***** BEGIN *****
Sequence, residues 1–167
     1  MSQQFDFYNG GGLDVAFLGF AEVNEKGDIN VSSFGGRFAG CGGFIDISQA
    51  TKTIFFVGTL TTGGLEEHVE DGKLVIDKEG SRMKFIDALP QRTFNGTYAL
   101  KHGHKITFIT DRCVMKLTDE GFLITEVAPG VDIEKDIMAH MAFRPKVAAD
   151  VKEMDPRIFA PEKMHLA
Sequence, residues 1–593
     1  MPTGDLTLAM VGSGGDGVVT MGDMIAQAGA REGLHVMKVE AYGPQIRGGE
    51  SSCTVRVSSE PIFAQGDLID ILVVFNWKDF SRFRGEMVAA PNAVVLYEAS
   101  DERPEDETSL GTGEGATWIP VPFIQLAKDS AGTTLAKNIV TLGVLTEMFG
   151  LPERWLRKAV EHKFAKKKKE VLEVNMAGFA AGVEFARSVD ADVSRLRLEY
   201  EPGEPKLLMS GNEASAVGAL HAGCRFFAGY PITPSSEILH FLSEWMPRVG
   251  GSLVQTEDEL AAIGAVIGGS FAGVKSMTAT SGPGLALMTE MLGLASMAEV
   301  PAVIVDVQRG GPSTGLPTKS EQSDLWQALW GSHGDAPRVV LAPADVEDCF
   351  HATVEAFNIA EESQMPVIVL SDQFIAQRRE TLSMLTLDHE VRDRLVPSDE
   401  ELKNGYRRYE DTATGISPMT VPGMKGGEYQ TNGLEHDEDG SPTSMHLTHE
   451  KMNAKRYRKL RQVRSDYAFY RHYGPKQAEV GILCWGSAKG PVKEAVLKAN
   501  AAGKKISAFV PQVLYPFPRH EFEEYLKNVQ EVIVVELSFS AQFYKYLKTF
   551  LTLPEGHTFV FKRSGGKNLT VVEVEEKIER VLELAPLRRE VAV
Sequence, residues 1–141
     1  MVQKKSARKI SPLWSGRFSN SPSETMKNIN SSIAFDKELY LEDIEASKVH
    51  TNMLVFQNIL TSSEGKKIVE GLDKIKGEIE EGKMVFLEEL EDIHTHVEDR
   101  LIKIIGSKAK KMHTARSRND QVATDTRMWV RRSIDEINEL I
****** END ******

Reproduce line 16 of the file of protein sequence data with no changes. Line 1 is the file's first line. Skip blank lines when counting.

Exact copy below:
   451  KMNAKRYRKL RQVRSDYAFY RHYGPKQAEV GILCWGSAKG PVKEAVLKAN